Access to Farming Land Backed by an "Enforcement Team"

In the face of calls for a moratorium on coal and gas mining on the Darling Downs, and threats from landholders that they'll lock their gates to keep mining companies out, the Premier today announced the formation of what she calls an "enforcement unit". The 36-member enforcement unit is a supposed bid to allay some of the farmer and environmental concerns surrounding the coal seam gas industry. In effect, its role will be to enforce the new Land Access Laws, which carry a fine of up to $50,000 to any farmer who denies entry to a mining company.

The Queensland Government ran a series of meetings across southern Queensland last week to explain the new Land Access laws, which are to come into force soon. According to the introduction to the new Land Access Code: 

The Queensland Government is committed to balancing the interests of the agricultural and resource sectors to address issues related to land access for resource exploration and development. Good relationships between these groups, assisted by adequate consultation and negotiation, will improve transparency, equity and cooperation across the sectors involved and creates a more level playing field for all.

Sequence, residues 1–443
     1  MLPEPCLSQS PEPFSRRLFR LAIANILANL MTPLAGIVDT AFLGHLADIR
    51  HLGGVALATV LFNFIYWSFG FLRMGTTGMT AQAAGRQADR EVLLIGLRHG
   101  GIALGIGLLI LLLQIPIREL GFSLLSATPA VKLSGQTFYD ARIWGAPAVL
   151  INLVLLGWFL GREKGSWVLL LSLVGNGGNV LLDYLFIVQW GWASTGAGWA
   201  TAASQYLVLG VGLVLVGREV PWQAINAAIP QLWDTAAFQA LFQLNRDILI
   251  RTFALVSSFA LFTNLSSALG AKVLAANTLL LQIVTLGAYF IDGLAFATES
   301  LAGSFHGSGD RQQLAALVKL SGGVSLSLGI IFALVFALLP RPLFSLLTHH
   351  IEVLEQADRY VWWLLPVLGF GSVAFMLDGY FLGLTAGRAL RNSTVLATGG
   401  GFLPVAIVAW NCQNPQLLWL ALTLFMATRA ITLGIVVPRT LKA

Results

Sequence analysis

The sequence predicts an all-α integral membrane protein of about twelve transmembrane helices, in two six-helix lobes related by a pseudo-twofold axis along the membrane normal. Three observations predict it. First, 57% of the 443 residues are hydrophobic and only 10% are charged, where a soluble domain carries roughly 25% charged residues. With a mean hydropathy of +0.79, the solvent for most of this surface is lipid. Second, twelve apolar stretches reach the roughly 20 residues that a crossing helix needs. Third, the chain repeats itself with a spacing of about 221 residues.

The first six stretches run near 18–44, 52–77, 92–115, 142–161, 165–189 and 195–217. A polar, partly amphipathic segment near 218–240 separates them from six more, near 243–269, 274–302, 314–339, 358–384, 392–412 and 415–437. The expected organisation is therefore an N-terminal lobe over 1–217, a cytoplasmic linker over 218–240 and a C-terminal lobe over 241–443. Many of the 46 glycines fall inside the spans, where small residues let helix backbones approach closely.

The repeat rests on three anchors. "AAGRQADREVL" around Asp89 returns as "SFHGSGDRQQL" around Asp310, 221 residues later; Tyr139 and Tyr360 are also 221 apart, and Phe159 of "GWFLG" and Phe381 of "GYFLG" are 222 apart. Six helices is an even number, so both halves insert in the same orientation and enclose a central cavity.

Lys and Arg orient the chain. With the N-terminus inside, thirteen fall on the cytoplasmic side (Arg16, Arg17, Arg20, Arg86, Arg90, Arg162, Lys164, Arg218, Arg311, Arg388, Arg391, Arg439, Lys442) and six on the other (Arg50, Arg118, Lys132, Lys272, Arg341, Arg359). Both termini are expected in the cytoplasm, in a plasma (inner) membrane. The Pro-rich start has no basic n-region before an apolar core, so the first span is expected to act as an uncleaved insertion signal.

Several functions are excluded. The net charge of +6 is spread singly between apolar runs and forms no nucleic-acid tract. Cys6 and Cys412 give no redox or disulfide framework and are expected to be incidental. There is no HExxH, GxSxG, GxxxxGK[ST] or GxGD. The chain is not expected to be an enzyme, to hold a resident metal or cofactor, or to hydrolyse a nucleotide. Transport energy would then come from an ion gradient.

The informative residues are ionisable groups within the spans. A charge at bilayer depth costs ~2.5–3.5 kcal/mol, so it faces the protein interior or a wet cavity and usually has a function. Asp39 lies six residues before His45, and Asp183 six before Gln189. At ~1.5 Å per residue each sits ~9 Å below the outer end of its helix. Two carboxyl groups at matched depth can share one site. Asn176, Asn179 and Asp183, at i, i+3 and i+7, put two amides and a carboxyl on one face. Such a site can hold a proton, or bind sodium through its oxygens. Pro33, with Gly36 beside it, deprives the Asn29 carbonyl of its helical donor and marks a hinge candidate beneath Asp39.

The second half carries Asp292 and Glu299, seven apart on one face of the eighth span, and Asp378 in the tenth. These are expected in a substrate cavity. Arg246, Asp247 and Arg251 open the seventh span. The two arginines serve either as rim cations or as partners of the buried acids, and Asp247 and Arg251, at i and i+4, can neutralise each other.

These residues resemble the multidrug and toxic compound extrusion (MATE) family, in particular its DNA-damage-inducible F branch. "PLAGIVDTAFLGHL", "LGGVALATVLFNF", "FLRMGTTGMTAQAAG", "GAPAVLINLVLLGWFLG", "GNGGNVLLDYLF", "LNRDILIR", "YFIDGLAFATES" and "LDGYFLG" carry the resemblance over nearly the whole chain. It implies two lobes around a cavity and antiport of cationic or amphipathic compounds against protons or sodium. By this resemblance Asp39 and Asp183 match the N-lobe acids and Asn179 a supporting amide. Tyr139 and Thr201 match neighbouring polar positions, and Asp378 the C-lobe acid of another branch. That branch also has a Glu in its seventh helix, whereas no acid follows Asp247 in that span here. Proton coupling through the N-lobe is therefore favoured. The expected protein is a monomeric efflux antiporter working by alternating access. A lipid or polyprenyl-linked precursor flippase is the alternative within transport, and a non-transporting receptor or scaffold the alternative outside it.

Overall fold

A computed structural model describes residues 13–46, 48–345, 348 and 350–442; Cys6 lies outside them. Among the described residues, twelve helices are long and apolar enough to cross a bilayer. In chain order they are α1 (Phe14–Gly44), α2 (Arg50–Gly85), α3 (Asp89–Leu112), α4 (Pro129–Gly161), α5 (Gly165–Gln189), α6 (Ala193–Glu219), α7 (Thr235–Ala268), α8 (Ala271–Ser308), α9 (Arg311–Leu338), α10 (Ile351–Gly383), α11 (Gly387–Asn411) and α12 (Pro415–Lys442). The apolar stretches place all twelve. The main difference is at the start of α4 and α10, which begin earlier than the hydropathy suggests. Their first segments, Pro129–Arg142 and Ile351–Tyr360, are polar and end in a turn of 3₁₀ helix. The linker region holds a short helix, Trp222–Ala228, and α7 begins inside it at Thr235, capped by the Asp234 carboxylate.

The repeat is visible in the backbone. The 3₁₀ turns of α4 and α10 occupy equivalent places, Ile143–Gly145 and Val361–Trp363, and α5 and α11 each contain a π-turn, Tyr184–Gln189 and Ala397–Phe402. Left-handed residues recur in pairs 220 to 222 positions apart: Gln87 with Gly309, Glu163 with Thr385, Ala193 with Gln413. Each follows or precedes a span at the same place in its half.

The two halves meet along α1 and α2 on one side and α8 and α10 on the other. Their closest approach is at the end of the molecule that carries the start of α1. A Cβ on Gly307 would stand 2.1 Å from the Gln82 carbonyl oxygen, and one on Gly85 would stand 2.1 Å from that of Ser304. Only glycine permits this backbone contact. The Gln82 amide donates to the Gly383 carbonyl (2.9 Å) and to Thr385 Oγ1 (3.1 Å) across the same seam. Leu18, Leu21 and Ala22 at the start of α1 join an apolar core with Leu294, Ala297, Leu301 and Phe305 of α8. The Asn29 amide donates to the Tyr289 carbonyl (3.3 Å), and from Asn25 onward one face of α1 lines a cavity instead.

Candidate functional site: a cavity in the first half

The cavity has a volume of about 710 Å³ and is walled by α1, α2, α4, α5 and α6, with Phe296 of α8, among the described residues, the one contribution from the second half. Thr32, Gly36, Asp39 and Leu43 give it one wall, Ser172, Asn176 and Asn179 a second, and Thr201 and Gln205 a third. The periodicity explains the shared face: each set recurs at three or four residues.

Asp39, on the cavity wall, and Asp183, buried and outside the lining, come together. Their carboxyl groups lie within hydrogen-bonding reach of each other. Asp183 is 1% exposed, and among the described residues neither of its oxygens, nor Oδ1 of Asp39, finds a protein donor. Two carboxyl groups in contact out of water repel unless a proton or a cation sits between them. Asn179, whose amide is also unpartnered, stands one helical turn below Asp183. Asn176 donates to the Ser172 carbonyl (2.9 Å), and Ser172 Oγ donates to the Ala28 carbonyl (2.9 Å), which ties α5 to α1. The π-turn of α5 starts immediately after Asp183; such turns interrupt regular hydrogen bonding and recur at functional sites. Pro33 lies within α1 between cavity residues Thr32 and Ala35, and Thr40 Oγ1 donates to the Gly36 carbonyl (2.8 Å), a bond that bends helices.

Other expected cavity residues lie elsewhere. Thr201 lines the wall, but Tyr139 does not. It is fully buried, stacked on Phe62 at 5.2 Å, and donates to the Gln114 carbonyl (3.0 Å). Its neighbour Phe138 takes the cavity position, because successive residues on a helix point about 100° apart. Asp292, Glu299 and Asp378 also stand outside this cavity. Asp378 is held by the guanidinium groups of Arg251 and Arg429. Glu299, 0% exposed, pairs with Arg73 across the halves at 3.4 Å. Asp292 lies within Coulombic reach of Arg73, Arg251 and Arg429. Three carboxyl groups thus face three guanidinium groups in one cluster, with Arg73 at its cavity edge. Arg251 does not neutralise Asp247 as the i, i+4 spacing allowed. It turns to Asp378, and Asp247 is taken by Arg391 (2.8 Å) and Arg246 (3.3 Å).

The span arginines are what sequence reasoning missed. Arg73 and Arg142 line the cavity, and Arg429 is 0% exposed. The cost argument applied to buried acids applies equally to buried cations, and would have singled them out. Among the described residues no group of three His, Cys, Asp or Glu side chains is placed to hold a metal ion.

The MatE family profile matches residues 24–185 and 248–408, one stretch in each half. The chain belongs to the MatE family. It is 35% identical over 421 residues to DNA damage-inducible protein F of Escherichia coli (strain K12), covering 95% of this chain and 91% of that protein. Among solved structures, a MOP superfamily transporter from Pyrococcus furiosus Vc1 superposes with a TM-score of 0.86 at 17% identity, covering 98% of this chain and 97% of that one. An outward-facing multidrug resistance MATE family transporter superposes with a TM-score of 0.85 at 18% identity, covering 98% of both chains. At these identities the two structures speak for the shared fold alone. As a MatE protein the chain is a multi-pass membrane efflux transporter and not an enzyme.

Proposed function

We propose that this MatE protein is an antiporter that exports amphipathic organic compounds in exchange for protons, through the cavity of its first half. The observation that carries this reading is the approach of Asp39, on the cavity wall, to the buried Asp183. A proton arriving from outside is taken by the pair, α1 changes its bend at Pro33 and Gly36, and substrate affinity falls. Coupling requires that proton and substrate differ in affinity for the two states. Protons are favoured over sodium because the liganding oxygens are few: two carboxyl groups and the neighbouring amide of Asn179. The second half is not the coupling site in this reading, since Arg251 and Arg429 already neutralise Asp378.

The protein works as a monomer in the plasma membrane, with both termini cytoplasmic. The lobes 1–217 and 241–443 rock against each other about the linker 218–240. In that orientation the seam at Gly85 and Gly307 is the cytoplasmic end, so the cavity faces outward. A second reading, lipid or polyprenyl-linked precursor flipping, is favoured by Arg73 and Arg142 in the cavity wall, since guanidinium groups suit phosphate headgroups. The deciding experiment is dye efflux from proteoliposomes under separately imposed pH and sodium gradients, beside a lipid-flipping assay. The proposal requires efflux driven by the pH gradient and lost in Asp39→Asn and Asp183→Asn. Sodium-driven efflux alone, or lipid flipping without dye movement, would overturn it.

At the meeting in Dalby on Tuesday, it soon became apparent just how 'balanced' the interests of the agricultural and resource sectors now are. So much so in fact, that Agforce has pulled out of the Queensland Government's Land Access Working Group after three years of work, having lost confidence in the Government's ability to deliver a transparent, consistent and equitable outcome.

The New Access Laws

A short summary (courtesy of Friends of Felton):

If a landholder refuses entry to a mining company, there is a mandatory negotiation period. If no agreement is reached within 40 days, the company can refer the case to the Land Court. Once the matter has been referred to the Land Court, the mining company has the right of entry.

To make matters worse:

The landholder is permitted to have a lawyer present during negotiations only with the permission of the mining company

This is in spite of the 'Important Note' on page 3 of the Guide to Queensland's new land access laws which states: 

Parties are strongly urged to always obtain legal advice to assist with negotiations or developing agreements, and particularly before signing any document.

 

Obstruction of petroleum authority holder

The Land Access CodeIf matters could indeed be made worse, once the matter has been referred to the Land Court, and prior to a decision of that Court: 

It is an offence for anyone, without a reasonable excuse, to obstruct a resource authority holder, its staff or agents from entering or crossing land or from carrying out any mining or associated activities.

The offence is established under section 805 of the Petroleum and Gas (Production and Safety) Act 2004, and defines 'obstruct' to include hindering or resisting. The offence for obstructing a petroleum authority holder carries a maximum penalty is 500 penalty units, or $50,000. 

With these unjust laws now backed by an enforcement unit, is it any wonder that landholders across the state are taking the drastic step of locking their gates to mining companies.


For more information: 

Or find out more about the 'Lock the Gate' campaign